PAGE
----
“Doctors long believed that infants do not feel pain the way that older children and adults do. Instead, they believed that the infants’ responses to discomfort were reflexes. Based on these beliefs, it was a routine practice to perform surgery on infants without suitable pain relief up until the late 1980s. Even now, infants may receive less than ideal pain relief. For example, a review found that although newborns in intensive care units undergo 11 painful procedures per day on average, more than half of the babies received no pain medications. Some guidelines continue to emphasize that for infants cuddling and feeding are more important sources of comfort than pain-relieving drugs.”
While not specifically mentioned in the study, the practice of male infant circumcision may constitute the most egregious example of a medically unnecessary procedure. It is arguably responsible for extensive psychological and emotional damage within the male psyche due to the unacknowledged pain and trauma it has exacted in the millions that have involuntarily undergone it without adequate pain management.
Indeed, male infant circumcision is one of the most commonly performed medical procedures and responsible for 1.108 million hospital stays in 2011. The United States has the highest circumcision rate in the world, with an estimated rate of 69-97%, followed by 70% in Australia, 48% in Canada, and 24% in the United Kingdom. This is all the more concerning considering that circumcision is one of the least medically justified interventions from the perspective of evidence-based medicine.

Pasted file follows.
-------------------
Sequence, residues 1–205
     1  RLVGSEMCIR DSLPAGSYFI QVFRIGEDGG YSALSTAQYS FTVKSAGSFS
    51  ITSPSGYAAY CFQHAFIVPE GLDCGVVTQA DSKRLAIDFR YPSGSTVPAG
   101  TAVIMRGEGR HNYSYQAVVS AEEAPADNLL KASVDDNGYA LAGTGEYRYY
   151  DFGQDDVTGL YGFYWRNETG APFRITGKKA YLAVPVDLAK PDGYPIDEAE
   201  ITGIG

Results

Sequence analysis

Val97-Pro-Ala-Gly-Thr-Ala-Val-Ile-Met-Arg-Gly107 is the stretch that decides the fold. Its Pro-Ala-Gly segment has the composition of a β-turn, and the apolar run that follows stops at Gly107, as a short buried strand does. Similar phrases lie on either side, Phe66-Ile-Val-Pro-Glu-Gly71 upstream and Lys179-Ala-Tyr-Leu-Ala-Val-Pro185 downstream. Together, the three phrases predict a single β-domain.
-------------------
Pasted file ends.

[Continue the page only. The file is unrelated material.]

Amazingly, it has only been less than two decades since the American Academic of Pediatrics recommended anesthesia be used during the procedure. This only happened after research emerged showing behavioral differences in infant and mother-infant behaviors between anesthetized and unanesthetized infants:
Before anesthesia was the standard of care, a trial comparing outcomes between anesthetized and unanesthetized infants undergoing circumcision noted a change in the infant’s behavior on postoperative day 1, and additional studies have documented the negative impact that circumcision has on mother-child interactions. and  Based on mounting evidence that infants who are circumcised have significant pain and stress responses, the AAP recommended in 1999 that if neonatal circumcision is performed, anesthesia should be used. [Source]
Considering what has been revealed by the new study, we must ask: how many infants have had been deeply traumatized not only via partial dismemberment of an important component of their reproductive and eliminative anatomy, but through the pain and anxiety associated with such a medical ritual which lacks unequivocal clinical research support for safety, efficacy, and any of its purported health benefits?
We hope that research like this will raise a flag of extreme caution when it comes to the increasingly prevalent over-medicalization of our most vulnerable populations. In other words, the solution is not simply to increase conventional pain management strategies which have many unintended, adverse effects — even with seemingly more benign over-the-counter drugs like Tylenol, which was recently found to have psychotropic properties, such as a ‘flattening’ affect. The focus, therefore, should be on reducing overdiagnosis, overtreatment, and the uncritical implementation of a standard of care which errs on the side of aggressive and invasive procedures.